The American Psychological Association, in Washington, D.C., is the largest scientific and professional organization representing psychology in the United States. APA’s membership includes more than 130,000 researchers, educators, clinicians, consultants and students. Through its divisions in 54 subfields of psychology and affiliations with 60 state, territorial and Canadian provincial associations, APA works to advance the creation, communication and application of psychological knowledge to benefit society and improve people’s lives.







Psychologists Can Help People Learn to Live Well With Diabetes


Columbus, OH (PRWEB) November 14, 2014

As the nation recognizes November as American Diabetes Month, psychologists are sharing an important message about diabetes and mental well-being: With a positive attitude and a strong support network, people can and do live well with diabetes.

Nearly 30 million American children and adults have been diagnosed with diabetes, according to the American Diabetes Association, and research shows that people with diabetes are twice as likely to develop depression as people without diabetes.

Having diabetes can be stressful, but newly diagnosed people sometimes have more trouble. This can be due to a lack of acceptance the diagnosis, especially if they feel physically healthy but have yet to experience many symptoms of the disease.

“The list of daily tasks required by diabetes can seem like a lot to handle,” said Ohio Psychological Association member Jennifer Finnerty, PsyD, ABPP. “For most people with diabetes, it can feel isolating, scary and overwhelming. The disease requires health behavior change to manage it. It’s important to remember that you are not alone, and there is help – whether from other people with diabetes or professionals, such as psychologists.”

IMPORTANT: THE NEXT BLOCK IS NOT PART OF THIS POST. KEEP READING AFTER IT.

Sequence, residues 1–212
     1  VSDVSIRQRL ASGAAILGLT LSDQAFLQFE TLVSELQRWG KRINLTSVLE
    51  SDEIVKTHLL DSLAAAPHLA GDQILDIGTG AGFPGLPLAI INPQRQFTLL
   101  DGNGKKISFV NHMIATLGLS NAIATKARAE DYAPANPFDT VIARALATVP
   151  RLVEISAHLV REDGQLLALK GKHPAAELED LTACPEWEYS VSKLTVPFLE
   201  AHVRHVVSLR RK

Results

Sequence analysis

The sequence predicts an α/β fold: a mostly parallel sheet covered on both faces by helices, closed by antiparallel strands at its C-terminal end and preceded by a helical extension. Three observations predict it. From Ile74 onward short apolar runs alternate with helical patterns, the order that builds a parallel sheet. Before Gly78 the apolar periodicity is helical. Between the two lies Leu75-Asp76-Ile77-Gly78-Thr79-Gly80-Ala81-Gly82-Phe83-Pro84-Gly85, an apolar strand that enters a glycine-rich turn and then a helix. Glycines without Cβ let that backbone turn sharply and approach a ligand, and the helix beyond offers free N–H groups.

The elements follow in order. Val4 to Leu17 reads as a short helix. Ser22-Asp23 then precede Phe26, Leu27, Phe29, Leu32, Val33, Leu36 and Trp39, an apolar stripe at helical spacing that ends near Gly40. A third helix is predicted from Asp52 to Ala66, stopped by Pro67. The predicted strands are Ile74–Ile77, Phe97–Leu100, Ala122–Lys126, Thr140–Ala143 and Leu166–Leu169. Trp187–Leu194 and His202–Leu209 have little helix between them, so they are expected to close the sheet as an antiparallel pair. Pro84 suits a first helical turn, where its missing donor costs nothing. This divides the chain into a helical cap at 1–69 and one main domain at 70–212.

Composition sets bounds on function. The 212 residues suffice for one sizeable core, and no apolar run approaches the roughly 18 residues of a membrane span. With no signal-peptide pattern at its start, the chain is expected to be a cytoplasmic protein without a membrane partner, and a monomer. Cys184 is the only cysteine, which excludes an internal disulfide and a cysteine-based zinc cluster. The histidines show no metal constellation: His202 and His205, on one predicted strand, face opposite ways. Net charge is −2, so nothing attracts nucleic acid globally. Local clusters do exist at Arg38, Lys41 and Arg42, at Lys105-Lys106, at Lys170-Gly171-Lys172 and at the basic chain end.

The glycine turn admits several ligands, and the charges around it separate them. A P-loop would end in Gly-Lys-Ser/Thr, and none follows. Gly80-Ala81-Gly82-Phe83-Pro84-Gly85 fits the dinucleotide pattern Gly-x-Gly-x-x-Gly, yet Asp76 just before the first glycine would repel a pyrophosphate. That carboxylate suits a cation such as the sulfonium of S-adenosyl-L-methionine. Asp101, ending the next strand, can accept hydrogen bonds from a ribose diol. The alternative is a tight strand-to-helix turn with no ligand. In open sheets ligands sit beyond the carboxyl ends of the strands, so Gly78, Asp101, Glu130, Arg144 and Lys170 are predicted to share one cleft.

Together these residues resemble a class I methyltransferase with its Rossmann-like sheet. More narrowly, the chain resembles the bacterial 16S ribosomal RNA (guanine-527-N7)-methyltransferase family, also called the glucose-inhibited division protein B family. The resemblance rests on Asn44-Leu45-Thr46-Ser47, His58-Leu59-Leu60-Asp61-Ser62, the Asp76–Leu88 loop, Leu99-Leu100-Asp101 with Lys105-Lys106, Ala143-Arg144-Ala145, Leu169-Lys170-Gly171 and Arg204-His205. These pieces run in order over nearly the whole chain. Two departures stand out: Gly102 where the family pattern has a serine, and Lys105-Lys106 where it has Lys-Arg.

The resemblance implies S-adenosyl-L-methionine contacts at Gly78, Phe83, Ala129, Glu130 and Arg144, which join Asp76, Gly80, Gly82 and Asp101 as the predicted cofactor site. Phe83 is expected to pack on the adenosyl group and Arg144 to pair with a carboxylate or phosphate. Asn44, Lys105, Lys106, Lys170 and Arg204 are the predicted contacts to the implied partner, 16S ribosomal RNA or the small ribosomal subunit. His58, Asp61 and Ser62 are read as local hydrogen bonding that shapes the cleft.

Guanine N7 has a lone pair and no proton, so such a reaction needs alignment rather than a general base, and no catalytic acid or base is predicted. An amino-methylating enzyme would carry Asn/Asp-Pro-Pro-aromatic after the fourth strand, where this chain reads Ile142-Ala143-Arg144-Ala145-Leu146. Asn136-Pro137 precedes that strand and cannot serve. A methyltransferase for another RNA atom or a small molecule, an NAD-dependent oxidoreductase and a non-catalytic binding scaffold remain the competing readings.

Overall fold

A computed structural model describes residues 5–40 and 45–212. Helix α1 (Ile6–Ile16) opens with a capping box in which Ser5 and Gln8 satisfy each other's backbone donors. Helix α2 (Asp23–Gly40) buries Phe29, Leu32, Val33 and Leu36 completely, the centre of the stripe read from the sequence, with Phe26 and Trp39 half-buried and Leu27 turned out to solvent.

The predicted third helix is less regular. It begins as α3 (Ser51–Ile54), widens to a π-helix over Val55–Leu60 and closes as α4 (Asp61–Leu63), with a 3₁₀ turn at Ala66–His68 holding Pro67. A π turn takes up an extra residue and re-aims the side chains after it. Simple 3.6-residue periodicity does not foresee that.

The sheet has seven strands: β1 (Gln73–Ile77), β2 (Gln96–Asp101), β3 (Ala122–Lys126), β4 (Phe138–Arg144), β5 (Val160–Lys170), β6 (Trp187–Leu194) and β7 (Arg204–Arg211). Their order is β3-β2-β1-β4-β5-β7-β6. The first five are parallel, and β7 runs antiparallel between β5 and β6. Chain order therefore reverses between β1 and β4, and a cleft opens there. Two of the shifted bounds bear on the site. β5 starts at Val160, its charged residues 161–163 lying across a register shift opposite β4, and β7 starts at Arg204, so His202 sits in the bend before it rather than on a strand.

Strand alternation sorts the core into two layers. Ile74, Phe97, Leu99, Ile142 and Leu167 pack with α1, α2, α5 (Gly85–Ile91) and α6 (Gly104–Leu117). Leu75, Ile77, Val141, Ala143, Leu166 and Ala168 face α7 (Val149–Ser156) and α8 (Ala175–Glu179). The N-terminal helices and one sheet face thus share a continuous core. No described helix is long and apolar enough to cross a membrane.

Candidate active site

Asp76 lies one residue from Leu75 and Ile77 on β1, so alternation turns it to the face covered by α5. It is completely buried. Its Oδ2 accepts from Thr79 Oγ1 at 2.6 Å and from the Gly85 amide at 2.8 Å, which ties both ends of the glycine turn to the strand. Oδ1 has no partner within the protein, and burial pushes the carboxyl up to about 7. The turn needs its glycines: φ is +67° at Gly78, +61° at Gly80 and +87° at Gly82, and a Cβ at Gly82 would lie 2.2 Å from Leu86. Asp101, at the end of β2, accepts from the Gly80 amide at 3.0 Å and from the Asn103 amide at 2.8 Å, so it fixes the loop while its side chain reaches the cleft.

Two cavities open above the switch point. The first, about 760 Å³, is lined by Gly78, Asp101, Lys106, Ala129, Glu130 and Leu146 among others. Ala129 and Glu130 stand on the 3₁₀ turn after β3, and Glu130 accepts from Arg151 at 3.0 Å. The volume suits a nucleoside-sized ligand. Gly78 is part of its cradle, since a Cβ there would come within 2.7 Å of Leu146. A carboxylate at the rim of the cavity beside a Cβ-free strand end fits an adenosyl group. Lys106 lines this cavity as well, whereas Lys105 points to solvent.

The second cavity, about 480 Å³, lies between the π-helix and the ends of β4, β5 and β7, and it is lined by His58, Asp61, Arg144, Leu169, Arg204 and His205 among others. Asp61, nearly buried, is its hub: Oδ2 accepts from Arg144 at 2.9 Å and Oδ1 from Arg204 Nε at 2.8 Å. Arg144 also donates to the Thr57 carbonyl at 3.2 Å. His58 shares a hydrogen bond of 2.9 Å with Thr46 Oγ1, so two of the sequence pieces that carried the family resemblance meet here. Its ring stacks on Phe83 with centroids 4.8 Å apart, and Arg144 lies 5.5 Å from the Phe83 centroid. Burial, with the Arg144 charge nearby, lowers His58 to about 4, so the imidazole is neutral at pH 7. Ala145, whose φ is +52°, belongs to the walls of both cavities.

The Ohio Psychological Association and the American Psychological Association offer the following steps to live well with diabetes:

1. Get the facts. Learn about diabetes and understand the specific diagnosis to make informed decisions. Prior to a visit with a physician or other health care provider, make a list of questions or concerns to ask and talk about.

2. Accept the feelings. Studies show that people who acknowledge negative feelings about the diagnosis are better at caring for themselves and keeping glucose levels stable. Avoiding negative thoughts and feelings about diabetes or pretending they do not exist, can bring on increased stress. Instead, talk to friends and family about your concerns and problem solve healthy ways you can cope together.

3. Maintain a balanced perspective. Don’t allow diabetes to become the main focus of your life. While you may need to make some lifestyle changes, the disease doesn’t have to define you as a person. It is important to continue to do the things in life you enjoy, in order to live well with the disease.

4. Plan Ahead. Having a routine and plan to handle such things as taking your medication, eating out, how to handle a low or high blood sugar, or even tackling holiday meals is important. Having a plan will reduce feelings of being unprepared, which will increase stress.

5. Be realistic. Rules that are too rigid are more likely to be broken. Set small goals that are easily attainable to help change behaviors such as eating and activity level one step at a time.

6. Develop a strong support network. Studies show that people are more likely to follow health regimens when they have a strong support network. Research specific to diabetes patients found those who have support from family and friends have healthier blood sugar levels during times of high stress.